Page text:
Nancy Pelosi wants to make a deal
By: Ginger Gibson
October 15, 2013 05:00 PM EST
Nancy Pelosi wants to make a deal.
But every time it appears she could deliver the votes for important legislation, the House minority leader is left standing with no one to negotiate with.
In the run-up to the shutdown, some observers believed that eventually House Speaker John Boehner would have to turn to Pelosi (D-Calif.) to cobble together a bipartisan coalition to avert government closure. And in doing so, Pelosi would gain leverage to negotiate something for House Democrats.
But just two days before a possible U.S. debt default and more than two weeks into the shutdown, Boehner’s request has yet to come.
Instead, Pelosi has reached out to the speaker nearly every day for weeks, according to Democratic aides, either talking to the Republican leader on the floor or calling him to the point of pestering.
But Boehner has yet to solicit her help — despite Pelosi’s ability to deliver House Democrats and the fact that most of them would support a government funding bill and debt ceiling hike without controversial policy add-ons. So, as Senate Majority Leader Harry Reid (D-Nev.) and Minority Leader Mitch McConnell (R-Ky.) wrangled a deal, with Boehner and McConnell talking, Pelosi has yet to find herself at the negotiating table. But that doesn’t mean she’s not interjected herself into the discussions, offering almost daily to work with Boehner and keeping herself in the loop with Reid and President Barack Obama.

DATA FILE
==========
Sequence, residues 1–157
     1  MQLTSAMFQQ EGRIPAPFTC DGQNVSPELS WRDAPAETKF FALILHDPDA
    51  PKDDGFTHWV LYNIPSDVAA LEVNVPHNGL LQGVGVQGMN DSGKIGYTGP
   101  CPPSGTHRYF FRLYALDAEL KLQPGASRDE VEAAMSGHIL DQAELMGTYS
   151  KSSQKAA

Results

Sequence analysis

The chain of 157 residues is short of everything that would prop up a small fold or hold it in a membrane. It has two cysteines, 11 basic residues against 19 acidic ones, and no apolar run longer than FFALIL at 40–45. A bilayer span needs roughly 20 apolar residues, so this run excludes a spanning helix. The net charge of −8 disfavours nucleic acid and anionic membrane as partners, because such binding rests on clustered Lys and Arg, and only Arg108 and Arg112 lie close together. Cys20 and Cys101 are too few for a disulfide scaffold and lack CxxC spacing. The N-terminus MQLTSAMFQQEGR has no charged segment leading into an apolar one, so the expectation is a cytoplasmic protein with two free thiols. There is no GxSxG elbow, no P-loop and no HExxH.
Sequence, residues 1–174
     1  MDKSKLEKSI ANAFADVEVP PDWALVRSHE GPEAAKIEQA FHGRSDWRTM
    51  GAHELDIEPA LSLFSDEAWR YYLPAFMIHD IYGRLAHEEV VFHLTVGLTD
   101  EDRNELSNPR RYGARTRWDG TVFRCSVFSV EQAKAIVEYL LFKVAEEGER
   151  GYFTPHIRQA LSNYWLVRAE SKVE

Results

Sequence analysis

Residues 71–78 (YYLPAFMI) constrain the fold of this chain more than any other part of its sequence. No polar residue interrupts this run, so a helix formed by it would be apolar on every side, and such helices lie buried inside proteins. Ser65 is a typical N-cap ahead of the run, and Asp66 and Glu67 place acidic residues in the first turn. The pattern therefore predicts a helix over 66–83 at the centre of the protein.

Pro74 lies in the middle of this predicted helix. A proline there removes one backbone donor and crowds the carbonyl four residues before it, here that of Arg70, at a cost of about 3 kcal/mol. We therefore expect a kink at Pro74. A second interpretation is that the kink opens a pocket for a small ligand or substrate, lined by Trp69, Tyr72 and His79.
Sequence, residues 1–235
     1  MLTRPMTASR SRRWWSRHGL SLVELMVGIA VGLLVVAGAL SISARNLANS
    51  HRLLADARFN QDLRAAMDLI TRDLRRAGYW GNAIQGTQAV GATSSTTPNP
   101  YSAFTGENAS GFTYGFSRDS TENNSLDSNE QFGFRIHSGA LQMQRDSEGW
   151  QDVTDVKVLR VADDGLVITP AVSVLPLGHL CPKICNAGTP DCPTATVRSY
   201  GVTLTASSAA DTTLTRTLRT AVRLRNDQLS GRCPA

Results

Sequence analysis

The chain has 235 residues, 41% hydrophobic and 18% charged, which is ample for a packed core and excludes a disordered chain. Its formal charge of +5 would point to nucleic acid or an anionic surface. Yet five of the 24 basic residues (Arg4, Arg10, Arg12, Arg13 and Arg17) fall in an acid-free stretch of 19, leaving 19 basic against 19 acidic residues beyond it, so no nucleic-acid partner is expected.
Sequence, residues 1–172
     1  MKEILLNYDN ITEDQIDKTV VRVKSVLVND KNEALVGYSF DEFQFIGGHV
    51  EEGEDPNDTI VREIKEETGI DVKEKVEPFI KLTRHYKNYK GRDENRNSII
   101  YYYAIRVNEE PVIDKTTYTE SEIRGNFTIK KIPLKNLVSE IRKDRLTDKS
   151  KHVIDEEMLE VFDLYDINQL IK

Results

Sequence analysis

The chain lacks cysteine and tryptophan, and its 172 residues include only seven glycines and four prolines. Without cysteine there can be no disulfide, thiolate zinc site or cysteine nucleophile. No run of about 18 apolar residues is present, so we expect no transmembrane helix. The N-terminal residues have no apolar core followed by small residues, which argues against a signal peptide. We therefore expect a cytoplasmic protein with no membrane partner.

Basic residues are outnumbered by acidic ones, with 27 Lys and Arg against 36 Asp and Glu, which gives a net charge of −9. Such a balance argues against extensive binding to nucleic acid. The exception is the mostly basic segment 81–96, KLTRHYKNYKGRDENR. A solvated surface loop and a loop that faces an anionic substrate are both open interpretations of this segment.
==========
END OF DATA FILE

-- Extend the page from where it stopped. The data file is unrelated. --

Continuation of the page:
The Democratic leader could still be central to a deal if Boehner agrees to put on the floor any Senate pact to stop the shutdown and avert default. And her ability to unite House Democrats — a key voting bloc if Boehner upsets conservatives by allowing a vote on a bipartisan measure — is duly noted.
“We will prevail if we see the big picture: Our unity gives the president leverage,” Pelosi told her caucus in a closed meeting on Thursday, according to an aide at the meeting.
Democratic House members and aides insist Pelosi is playing a key role in the shutdown-debt hike crises. And surprisingly, Democrats aren’t clamoring for her to exact concessions from an eventual deal — at this point anyway.
Democrats and observers pointed to Pelosi’s iron-clad ability to keep her caucus unified — and in line with Reid — as the negotiations play out as crucial to the endgame.
“Leader Pelosi has an impeccable sense of the time for every season,” Rep. Gerry Connolly (D-Va.) said. “Given the fact that there have been absolutely no negotiations among any of the parties up until now — negotiations, not even conversations worthy of the name, she understood quite naturally that her role was to hold the Democrats together. To provide unity, to backstop both the White House and, frankly, Harry Reid.”
(PHOTOS: Nancy Pelosi’s career)